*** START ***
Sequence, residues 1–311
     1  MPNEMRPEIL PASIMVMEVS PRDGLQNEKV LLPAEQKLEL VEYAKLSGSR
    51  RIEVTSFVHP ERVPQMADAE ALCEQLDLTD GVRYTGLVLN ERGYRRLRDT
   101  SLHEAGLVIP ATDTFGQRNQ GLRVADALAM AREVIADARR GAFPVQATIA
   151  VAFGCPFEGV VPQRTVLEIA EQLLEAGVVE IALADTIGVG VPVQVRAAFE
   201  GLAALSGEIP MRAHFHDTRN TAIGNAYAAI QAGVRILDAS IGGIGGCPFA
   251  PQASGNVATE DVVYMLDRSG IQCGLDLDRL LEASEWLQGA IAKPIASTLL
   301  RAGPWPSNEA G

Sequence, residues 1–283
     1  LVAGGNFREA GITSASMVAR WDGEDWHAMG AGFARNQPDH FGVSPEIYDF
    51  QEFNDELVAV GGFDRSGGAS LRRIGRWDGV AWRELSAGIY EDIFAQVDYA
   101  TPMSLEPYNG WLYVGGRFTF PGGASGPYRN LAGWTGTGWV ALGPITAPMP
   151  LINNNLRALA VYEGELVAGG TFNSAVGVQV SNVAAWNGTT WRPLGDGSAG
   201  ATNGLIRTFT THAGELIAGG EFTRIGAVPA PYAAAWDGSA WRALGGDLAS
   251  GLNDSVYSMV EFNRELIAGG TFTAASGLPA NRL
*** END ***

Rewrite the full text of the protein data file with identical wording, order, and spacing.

Sequence, residues 1–311
     1  MPNEMRPEIL PASIMVMEVS PRDGLQNEKV LLPAEQKLEL VEYAKLSGSR
    51  RIEVTSFVHP ERVPQMADAE ALCEQLDLTD GVRYTGLVLN ERGYRRLRDT
   101  SLHEAGLVIP ATDTFGQRNQ GLRVADALAM AREVIADARR GAFPVQATIA
   151  VAFGCPFEGV VPQRTVLEIA EQLLEAGVVE IALADTIGVG VPVQVRAAFE
   201  GLAALSGEIP MRAHFHDTRN TAIGNAYAAI QAGVRILDAS IGGIGGCPFA
   251  PQASGNVATE DVVYMLDRSG IQCGLDLDRL LEASEWLQGA IAKPIASTLL
   301  RAGPWPSNEA G

Sequence, residues 1–283
     1  LVAGGNFREA GITSASMVAR WDGEDWHAMG AGFARNQPDH FGVSPEIYDF
    51  QEFNDELVAV GGFDRSGGAS LRRIGRWDGV AWRELSAGIY EDIFAQVDYA
   101  TPMSLEPYNG WLYVGGRFTF PGGASGPYRN LAGWTGTGWV ALGPITAPMP
   151  LINNNLRALA VYEGELVAGG TFNSAVGVQV SNVAAWNGTT WRPLGDGSAG
   201  ATNGLIRTFT THAGELIAGG EFTRIGAVPA PYAAAWDGSA WRALGGDLAS
   251  GLNDSVYSMV EFNRELIAGG TFTAASGLPA NRL